# produced at the end of the simulation. If you need the
# statistics for a particular node or particular protocol, it is
# easy to do the filtering. Every single line in the file is of
# the following format:
# Node: 9, Layer: RadioNoCapture, Total number of
# collisions is 0
#

APPLICATION-STATISTICS YES
TCP-STATISTICS YES
UDP-STATISTICS YES
ROUTING-STATISTICS YES
NETWORK-LAYER-STATISTICS YES
MAC-LAYER-STATISTICS YES
RADIO-LAYER-STATISTICS NO
CHANNEL-LAYER-STATISTICS NO
MOBILITY-STATISTICS YES

- 126-
#
# GUI-OPTION: YES allows GloMoSim to communicate with the Java
# Gui Vis Tool. NO does not
#

GUI-OPTION NO
GUI-RADIO NO
GUI-ROUTING NO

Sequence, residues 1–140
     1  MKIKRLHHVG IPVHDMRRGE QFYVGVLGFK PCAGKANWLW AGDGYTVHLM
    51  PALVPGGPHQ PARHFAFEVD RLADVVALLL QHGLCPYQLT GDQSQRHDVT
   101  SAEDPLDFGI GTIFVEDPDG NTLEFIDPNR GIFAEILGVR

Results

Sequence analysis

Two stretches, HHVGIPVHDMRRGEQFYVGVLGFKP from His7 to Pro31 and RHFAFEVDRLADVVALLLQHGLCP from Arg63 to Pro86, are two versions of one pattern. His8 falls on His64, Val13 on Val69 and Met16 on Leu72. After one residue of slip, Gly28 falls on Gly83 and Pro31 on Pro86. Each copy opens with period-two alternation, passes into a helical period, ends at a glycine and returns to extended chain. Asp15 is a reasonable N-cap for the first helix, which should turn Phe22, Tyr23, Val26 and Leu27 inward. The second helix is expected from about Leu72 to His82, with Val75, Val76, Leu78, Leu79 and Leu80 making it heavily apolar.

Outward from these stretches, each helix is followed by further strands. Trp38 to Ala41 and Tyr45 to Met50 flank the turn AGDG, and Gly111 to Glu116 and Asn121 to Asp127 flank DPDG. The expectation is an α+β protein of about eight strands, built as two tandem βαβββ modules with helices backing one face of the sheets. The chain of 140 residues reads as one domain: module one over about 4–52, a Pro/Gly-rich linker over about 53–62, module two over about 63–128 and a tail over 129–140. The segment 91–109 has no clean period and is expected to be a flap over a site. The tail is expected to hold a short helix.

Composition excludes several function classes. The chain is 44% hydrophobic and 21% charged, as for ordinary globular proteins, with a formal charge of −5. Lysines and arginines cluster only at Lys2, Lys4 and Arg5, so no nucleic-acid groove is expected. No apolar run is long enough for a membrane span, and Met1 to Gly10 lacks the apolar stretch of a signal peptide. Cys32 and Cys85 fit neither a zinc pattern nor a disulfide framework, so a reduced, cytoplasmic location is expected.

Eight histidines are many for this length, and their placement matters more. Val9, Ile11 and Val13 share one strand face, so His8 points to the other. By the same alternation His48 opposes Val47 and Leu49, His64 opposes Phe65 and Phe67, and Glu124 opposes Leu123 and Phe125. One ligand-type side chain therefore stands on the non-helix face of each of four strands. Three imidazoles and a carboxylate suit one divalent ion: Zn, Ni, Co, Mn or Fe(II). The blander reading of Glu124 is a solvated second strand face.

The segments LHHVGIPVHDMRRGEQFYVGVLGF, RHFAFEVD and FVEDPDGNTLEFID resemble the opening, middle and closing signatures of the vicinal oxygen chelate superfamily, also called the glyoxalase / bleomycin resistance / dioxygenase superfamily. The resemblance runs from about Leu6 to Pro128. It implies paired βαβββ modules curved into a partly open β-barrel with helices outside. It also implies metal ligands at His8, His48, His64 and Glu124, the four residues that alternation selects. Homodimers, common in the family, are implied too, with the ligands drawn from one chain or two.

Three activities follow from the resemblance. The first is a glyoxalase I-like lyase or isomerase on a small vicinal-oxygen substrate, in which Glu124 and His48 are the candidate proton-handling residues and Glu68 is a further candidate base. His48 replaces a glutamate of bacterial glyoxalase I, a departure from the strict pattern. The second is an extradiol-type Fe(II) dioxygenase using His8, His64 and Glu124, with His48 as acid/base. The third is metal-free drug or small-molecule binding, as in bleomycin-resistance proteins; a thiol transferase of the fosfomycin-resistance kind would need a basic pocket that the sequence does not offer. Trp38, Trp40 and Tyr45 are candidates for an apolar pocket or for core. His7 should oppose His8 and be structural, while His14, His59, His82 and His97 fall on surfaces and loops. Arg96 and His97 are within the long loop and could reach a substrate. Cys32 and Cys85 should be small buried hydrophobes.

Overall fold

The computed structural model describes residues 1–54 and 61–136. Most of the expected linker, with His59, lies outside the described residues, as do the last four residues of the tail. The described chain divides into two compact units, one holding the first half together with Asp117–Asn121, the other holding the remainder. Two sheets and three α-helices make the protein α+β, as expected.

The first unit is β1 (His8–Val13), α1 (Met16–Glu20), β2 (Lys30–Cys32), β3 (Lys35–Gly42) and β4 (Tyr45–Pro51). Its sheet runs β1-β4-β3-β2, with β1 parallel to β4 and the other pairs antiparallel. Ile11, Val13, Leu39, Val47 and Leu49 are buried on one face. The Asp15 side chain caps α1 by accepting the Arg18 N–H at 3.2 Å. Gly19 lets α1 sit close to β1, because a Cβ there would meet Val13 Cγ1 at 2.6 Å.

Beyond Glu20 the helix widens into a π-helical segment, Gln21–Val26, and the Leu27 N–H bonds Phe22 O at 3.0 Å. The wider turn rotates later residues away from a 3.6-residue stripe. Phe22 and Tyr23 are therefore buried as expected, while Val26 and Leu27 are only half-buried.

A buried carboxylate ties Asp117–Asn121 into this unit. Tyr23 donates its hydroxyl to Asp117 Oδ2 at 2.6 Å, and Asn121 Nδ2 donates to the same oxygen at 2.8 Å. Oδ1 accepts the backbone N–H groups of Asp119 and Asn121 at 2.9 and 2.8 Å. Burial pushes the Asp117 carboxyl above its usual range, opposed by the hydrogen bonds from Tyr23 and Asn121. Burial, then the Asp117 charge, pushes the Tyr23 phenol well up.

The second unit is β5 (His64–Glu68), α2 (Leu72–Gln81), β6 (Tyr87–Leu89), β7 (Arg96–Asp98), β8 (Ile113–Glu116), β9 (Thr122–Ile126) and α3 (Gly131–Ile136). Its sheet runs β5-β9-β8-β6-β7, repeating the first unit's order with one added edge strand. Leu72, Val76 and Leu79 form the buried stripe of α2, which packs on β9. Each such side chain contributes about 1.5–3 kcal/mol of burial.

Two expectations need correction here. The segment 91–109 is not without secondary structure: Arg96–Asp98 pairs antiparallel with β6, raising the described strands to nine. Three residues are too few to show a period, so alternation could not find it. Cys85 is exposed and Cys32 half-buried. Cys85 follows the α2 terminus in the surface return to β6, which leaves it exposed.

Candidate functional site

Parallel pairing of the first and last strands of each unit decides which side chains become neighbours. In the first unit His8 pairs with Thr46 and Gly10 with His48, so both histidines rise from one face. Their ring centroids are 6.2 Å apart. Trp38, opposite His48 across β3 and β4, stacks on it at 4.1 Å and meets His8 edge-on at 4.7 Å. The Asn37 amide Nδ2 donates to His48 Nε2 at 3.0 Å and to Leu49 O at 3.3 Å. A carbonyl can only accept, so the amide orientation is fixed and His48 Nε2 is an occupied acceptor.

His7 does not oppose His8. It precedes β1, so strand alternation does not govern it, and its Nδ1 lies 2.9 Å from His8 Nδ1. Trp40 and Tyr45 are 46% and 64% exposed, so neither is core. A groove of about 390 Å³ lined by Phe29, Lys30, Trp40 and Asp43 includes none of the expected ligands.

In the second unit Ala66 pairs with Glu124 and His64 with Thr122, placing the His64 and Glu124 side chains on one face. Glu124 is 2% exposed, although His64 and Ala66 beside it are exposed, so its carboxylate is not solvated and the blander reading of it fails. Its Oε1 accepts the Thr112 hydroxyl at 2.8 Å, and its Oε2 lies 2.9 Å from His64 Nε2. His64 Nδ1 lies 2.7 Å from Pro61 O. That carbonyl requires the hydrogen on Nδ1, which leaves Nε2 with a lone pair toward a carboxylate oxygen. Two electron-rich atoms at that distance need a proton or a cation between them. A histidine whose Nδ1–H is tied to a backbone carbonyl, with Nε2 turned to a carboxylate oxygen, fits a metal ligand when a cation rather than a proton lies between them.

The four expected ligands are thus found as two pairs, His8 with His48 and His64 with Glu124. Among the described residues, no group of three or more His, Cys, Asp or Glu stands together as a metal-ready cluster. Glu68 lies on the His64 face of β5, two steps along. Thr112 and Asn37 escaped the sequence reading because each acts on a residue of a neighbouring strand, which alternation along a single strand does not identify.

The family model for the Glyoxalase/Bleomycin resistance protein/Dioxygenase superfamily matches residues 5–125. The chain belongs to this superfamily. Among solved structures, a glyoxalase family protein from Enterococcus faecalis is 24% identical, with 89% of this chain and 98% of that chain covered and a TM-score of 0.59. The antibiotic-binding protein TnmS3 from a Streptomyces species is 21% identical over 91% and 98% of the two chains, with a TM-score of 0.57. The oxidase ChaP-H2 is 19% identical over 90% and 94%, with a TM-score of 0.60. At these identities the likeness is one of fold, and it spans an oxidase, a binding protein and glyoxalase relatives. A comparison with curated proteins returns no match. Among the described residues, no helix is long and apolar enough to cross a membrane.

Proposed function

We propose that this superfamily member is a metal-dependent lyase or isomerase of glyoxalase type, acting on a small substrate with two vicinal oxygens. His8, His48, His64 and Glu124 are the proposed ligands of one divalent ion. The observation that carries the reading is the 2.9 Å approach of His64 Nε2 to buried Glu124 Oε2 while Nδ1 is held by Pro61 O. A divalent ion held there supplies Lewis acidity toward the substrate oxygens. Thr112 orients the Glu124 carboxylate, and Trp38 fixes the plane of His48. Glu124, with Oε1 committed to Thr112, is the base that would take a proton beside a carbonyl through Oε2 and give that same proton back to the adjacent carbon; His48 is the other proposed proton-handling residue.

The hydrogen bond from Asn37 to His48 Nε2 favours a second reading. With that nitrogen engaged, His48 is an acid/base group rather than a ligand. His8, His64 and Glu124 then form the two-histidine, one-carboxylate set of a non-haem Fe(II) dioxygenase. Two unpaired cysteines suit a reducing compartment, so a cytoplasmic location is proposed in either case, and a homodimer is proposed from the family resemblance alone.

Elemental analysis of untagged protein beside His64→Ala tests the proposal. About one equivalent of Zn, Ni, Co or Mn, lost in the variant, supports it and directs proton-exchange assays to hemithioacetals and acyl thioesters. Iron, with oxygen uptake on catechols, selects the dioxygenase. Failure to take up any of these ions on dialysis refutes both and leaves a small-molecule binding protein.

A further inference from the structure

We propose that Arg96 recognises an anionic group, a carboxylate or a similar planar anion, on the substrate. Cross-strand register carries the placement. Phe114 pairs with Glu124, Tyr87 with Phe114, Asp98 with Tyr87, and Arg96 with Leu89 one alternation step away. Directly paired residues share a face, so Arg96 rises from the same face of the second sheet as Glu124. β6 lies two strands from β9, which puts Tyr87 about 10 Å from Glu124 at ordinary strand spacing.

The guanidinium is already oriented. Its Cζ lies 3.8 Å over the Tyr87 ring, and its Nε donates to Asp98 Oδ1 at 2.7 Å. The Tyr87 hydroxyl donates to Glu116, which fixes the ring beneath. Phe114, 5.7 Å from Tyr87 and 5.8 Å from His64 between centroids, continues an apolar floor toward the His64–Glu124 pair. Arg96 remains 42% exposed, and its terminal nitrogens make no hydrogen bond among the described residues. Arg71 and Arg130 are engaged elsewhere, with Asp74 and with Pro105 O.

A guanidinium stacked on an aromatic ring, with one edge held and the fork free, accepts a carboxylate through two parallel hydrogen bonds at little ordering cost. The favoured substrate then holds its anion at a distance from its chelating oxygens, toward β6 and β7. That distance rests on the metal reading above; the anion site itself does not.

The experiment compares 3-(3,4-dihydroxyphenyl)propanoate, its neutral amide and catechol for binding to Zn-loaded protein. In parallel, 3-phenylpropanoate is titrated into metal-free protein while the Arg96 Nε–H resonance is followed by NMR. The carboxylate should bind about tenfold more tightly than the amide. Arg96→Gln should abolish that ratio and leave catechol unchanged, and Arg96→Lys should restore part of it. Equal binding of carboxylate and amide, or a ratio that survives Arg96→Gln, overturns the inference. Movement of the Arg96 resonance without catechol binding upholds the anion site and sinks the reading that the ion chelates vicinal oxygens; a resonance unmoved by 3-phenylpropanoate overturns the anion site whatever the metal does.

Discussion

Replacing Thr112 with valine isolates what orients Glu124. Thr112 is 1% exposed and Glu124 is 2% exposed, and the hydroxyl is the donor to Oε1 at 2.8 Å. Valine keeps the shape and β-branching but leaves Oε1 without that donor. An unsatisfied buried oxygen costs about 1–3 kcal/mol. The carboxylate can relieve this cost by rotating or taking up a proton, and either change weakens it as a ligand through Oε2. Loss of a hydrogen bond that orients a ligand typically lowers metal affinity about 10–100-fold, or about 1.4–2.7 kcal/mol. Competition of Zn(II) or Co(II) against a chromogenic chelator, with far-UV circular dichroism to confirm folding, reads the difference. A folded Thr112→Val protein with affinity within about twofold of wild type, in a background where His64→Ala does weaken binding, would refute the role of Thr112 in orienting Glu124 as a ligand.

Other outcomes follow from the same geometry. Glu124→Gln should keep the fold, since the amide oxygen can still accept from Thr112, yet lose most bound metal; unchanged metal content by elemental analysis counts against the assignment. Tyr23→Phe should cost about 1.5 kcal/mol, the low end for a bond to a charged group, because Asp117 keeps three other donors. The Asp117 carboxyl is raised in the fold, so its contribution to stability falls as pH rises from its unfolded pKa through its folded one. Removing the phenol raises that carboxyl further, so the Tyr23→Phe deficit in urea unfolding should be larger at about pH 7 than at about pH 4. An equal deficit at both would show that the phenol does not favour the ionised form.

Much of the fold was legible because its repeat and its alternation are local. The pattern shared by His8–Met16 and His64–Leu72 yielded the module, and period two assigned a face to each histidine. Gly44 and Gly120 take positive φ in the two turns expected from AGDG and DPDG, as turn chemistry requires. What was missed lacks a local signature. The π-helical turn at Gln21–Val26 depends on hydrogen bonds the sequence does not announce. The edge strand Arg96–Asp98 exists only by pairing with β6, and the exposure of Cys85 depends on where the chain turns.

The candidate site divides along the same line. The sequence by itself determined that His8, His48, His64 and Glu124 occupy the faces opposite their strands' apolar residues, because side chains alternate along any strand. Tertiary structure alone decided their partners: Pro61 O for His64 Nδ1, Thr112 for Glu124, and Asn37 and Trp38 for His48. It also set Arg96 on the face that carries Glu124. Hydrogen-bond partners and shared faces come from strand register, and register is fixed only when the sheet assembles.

- 127-
APPENDIX2

GloMoSim Additional Input Files

# Sample nodes.in file (36 nodes)


#This file specifies the initial position of the network's
# nodes at the beginning of the simulation
# Format: nodeAddress 0 (x, y, z)
# Note: The zero in the second field in the format is for
# compatibility with the mobility trace format
# Note: Free Space Propagation Model used for radio waves, which
# assumes an unobstructed line of sight between node, so z value
# has no effect. That would not be the case if using the Two-Ray
# (Ground Reflection) Propagation Model.
#
0 0 (0.0, 0.0, 0.0)
1 0 (400.0, 0.0, 0.0)
2 0 (800.0, 0.0, 0.0)
3 0 (1200.0, 0.0, 0.0)
4 0 (1600.0, 0.0, 0.0)
50 (2000.0, 0.0, 0.0)
6 0 (0.0, 400.0, 0.0)
7 0 (400.0, 400.0, 0.0)
8 0 (800.0, 400.0, 0.0)
9 0 (1200.0, 400.0, 0.0)
10 0 (1600.0, 400.0, 0.0)
11 0 (2000.0, 400.0, 0.0)
12 0 (0.0, 800.0, 0.0)
13 0 (400.0, 800.0, 0.0)